Survation Suggest The Games Have Had Little Impact

The Commonwealth Games have gone off about as well as the organisers could possibly have hoped. A record haul of medals for Team Scotland and, with just the odd exception, plenty of plaudits for how well the event has been arranged. Even the weather has been kind (at the beginning at least).  It would seem that no better backdrop could have been devised for stimulating a bit of national pride as the independence referendum enters its last lap.

But national pride and support for independence are not necessarily synonymous, and today sees the first evidence that the Games may have left the referendum race largely untouched. In a poll conducted between Wednesday and Friday last week –  the first since the Games began – Survation for the Mail on Sunday put Yes on 40%, down one point on its previous poll conducted in early July, while No are on 46%, unchanged. When the Don’t Knows (14%, up one) are excluded, Yes are on 47%, the same as in Survation’s previous poll.

Still, we should perhaps be careful before we rush to judgement that the Games have failed to leave any kind of mark on the referendum race at all.  In the last couple of months Survation’s polls have been the most optimistic so far as the Yes side is concerned. So the pre-Games standard against which this poll is being judged is a relatively high one. But for the expectation that the Games might have had a positive impact on Yes support, the poll might be regarded as somewhat encouraging news for the Yes side. It is the third time in a row that Survation have put the Yes vote at an all-time high of 47%, just three points (and one vote) short of the winning post, and indeed the result is enough to push the Yes tally in our poll of polls back up to 44%.

Moreover, although the vast bulk of voters – 82% – say that ‘Scotland’s organisation of and performance in’ the Games have not made any difference to the way in which they are likely to vote, amongst those who say they have made a difference rather more say the Games have made them more likely to vote Yes (12%) than claim they have made them more inclined to back No (7%). True, the answers to such questions have largely to be taken with a pinch of salt – most of those who say they are more likely to vote Yes are (and probably in most cases already were) Yes supporters, while those who say it has made them more likely to vote No are (and probably already were) backers of the No side. Partisans are always inclined to see the world through a coloured lens that ensures that any and every event is regarded as evidence in support of their existing view.  Even so, we might still note that amongst those who say they are undecided, 14% say the Games has made them more likely to vote Yes while only 4% state that they are now more likely to vote No.  So perhaps we should not wholly discount the possibility that the Games have or will produce a small boost to the Yes side – albeit one that may to be too small for any individual poll to identify with any certainty and one that is insufficient (even on Survation’s optimistic reading for the Yes side) to take the Yes side past the winning post.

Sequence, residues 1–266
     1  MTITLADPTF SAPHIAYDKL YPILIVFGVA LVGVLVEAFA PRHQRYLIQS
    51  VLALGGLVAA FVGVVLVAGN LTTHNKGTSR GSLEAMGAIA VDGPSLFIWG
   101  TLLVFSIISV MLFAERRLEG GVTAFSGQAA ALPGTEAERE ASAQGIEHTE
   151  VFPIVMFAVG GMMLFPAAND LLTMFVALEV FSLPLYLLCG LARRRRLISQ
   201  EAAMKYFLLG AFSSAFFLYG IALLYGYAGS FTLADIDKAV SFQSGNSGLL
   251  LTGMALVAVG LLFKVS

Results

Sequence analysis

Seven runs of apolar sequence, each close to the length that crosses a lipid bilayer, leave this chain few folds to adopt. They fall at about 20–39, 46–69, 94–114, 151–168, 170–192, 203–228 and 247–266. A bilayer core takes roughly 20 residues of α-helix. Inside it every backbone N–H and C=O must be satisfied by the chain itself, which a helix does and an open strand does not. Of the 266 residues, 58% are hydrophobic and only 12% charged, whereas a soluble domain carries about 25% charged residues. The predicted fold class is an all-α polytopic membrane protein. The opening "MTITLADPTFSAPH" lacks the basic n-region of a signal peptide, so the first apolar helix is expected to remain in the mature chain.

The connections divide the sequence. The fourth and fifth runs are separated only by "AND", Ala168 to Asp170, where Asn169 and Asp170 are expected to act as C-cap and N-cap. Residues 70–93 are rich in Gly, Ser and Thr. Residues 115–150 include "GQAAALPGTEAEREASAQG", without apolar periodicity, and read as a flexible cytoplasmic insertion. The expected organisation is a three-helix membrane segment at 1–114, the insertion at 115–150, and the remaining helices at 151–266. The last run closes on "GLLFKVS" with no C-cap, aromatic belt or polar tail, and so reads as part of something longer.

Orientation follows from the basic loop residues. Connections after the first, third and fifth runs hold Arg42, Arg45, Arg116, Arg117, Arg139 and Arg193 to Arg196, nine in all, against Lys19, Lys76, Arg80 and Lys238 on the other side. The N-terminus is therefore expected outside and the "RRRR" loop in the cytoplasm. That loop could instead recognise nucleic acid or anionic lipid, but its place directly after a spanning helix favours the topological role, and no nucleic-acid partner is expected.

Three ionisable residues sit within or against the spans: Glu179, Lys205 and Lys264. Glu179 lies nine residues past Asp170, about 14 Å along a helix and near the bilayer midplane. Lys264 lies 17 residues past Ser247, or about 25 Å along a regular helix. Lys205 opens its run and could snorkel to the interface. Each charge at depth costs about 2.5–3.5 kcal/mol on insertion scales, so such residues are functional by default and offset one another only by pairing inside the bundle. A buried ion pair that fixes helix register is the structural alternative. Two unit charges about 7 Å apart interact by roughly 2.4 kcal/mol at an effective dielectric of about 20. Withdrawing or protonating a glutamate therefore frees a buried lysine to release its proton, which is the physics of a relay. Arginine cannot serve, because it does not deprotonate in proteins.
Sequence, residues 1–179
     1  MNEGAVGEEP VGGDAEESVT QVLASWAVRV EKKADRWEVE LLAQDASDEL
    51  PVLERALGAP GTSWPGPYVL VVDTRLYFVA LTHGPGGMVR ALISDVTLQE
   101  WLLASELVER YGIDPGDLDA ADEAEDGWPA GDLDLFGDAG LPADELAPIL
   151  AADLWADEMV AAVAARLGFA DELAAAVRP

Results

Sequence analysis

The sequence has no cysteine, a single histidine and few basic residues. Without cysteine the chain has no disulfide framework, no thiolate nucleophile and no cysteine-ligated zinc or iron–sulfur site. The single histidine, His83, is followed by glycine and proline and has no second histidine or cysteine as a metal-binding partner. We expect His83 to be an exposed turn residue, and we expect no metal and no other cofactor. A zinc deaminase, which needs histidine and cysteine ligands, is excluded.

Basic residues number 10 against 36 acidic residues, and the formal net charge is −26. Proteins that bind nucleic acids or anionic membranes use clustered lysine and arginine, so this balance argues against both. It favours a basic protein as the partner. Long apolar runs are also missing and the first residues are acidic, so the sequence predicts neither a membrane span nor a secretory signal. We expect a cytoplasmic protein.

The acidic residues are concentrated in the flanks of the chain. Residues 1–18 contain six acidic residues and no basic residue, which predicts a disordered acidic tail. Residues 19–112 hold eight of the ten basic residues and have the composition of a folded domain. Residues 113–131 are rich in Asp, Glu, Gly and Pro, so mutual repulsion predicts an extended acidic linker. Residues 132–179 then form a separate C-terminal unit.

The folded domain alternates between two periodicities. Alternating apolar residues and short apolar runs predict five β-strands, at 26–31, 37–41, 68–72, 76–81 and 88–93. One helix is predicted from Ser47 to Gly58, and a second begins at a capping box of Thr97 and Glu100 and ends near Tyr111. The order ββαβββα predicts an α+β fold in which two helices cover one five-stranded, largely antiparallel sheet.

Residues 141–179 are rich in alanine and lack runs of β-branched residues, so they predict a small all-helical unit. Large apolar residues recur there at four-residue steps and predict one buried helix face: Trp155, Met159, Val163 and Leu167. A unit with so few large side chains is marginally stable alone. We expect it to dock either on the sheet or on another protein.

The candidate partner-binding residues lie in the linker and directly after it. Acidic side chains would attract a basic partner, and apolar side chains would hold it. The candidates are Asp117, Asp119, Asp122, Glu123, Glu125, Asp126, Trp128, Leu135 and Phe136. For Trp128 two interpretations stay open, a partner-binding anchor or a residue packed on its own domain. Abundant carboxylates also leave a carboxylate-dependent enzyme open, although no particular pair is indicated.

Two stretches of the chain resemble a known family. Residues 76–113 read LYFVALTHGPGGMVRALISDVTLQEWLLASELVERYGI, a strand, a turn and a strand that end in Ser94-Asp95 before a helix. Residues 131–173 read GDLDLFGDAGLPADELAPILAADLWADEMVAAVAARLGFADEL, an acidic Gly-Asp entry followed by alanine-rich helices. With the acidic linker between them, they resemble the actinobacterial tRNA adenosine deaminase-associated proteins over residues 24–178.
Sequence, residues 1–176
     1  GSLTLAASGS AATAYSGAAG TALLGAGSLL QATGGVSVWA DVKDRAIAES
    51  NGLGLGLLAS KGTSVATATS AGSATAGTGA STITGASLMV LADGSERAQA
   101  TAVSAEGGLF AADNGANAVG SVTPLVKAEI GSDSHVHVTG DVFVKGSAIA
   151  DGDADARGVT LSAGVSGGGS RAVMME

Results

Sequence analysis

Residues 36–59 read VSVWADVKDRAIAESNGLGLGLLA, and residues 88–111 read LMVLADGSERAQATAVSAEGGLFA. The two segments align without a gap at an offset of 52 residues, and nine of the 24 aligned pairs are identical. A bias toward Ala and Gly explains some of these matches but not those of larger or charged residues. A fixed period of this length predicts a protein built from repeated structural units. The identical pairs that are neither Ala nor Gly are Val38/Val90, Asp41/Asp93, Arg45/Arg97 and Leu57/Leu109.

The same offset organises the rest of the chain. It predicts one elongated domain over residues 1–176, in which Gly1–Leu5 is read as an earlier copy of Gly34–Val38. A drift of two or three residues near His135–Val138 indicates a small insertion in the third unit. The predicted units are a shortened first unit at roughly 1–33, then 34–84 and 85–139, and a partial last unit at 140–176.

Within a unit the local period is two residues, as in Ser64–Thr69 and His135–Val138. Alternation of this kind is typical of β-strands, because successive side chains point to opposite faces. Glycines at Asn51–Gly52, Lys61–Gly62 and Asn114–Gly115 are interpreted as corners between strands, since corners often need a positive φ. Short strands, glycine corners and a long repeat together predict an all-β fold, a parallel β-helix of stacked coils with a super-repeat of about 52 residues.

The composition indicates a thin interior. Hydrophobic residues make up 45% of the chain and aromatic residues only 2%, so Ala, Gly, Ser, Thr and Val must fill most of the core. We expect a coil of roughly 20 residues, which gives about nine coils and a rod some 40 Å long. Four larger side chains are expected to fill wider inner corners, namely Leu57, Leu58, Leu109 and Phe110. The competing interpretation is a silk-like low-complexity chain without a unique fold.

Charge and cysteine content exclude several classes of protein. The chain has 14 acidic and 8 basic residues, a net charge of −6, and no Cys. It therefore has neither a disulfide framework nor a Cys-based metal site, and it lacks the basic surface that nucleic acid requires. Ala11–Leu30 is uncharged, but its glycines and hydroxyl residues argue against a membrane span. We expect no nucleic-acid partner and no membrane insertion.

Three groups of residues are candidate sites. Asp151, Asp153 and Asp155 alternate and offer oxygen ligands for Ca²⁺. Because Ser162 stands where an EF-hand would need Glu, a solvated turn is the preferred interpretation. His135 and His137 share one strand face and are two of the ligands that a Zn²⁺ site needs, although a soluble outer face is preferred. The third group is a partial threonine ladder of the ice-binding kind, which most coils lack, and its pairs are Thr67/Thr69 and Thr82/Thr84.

Meanwhile the one thing of which we can be sure is that politics and the referendum will resume their place at the centre of the media stage on Tuesday when Alex Salmond faces Alistair Darling in Scottish Television’s debate between the leaders of the Yes and No camps. Today’s poll uncovers a potential problem for Mr Salmond in that debate – expectations of his performance are rather high. As many as 37% think that Mr Salmond will win the debate, while only 11% are willing to put their money on Mr Darling.  Even amongst No supporters, only 24% reckon the former Chancellor is the pre-debate favourite.  So even if the First Minister does do well on Tuesday, perhaps voters will simply say that it was an uneven contest in the first place and discount it – while a poor performance would apparently put Mr Salmond at greater risk of leaving voters disappointed.

Tuesday’s debate has of course been delayed thanks to Mr Salmond’s insistence that he should debate the Prime Minister first.  Mr Cameron does not win many plaudits for his refusal to take up that challenge; according to today’s poll 47% reckon he is a ’coward’ for not debating with the First Minister, while only 36% reckon it is a ‘sensible’ decision. But of course most of those who are critical of the Prime Minister are Yes supporters; only 19% of No voters are critical of his absence from the stage.  So one doubts if Mr Cameron will lose much sleep over this particular finding – though doubtless Downing St will be keeping as close an eye as anyone on just how well Mr Darling does do in the debate on Tuesday.

John Curtice

About the author

John Curtice is Professor of Politics at Strathclyde University, Senior Research Fellow at ScotCen and at 'UK in a Changing Europe', and Chief Commentator on the What Scotland Thinks website.